Judge to Brian McLaughlin: Ten Years Should Do It
McLaughlin, 57, who led the city's Central Labor Council and who once seriously considered running for mayor, didn't flinch as federal District Judge Richard Sullivan pronounced sentence in Manhattan federal court.
"Your conduct harkens back to another era," said Sullivan, invoking the name of Boss Tweed, the notorious Tammany Hall fixer. "It sort of staggers the mind."
Moments before being sentenced, McLaughlin stood to say that he was "of course, very very sorry." He apologized to his wife, and family as well as "those who I represented. I violated their trust. I make no excuses for it." He said that since he was charged in the case more than three years ago, "I have had the opportunity to live my life the way I always wanted to live it."
McLaughlin's attorney, Michael Armstrong, asked that his client be sent to federal prison in Allenwood, Pa., and to be admitted to an alcoholism treatment program there. Sullivan set a date of July 21 for McLaughlin's surrender.
Armstrong said afterward that "it's too early to decide" whether he will appeal the stiff sentence. McLaughlin faced a range of eight-ten years in prison under federal guidelines, and federal prosecutors had recommended leniency in light of McLaughlin's cooperation in ongoing criminal cases including indictments against Queens assemblyman Tony Seminerio, and electrical contractor Santo Petrocelli. But Sullivan said the ex-labor chief's crimes were too many and too wide-ranging. He said McLaughlin had found "brazen and perversely creative ways to abuse" the trust placed in him by union members, and constituents. Sullivan added: "The cause of unions and working people has been terribly undermined by your behavior."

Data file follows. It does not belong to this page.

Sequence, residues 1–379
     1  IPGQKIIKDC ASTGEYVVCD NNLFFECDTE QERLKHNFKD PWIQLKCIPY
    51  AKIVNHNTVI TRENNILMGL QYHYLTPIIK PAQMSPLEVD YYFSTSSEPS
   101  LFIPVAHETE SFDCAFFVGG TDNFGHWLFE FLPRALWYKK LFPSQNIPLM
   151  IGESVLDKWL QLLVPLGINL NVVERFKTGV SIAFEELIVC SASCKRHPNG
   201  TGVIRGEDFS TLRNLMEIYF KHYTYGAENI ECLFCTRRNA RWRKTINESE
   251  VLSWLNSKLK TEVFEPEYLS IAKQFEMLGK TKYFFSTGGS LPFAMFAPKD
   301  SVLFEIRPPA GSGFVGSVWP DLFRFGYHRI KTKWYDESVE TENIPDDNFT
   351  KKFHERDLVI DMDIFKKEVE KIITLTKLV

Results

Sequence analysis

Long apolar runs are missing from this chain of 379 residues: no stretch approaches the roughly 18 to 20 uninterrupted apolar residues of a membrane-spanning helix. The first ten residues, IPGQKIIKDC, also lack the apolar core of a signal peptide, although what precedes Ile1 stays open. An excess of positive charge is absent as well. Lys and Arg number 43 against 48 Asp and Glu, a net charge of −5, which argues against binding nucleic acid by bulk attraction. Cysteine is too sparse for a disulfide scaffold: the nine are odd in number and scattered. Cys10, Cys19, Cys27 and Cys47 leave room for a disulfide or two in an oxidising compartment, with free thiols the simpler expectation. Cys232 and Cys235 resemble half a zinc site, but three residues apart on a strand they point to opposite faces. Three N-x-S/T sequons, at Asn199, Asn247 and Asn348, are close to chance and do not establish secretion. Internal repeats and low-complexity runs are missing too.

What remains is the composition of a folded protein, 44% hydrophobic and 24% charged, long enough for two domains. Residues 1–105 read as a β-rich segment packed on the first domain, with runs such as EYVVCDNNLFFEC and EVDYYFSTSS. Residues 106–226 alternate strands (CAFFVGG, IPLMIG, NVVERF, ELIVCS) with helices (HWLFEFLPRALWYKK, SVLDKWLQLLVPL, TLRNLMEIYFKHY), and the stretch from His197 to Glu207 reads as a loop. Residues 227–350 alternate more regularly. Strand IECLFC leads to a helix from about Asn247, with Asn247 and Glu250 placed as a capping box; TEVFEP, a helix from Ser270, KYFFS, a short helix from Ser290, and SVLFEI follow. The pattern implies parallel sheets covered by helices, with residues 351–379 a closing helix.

The massive probe into McLaughlin multiple schemes began in 1999 and included the Department of Investigation, federal labor racketeering agents, and the FBI.
In a statement, city investigations Commissioner Rose Gill Hearn said: "For years, Brian McLaughlin abused his power and privilege as a politician and union leader. He exploited the very people he purported to serve by using stolen money to bankroll a lavish lifestyle that included country club dues and a new home in an affluent Long Island community. Today, in
federal court, Mr. McLaughlin was presented with the bill for his illegal conduct."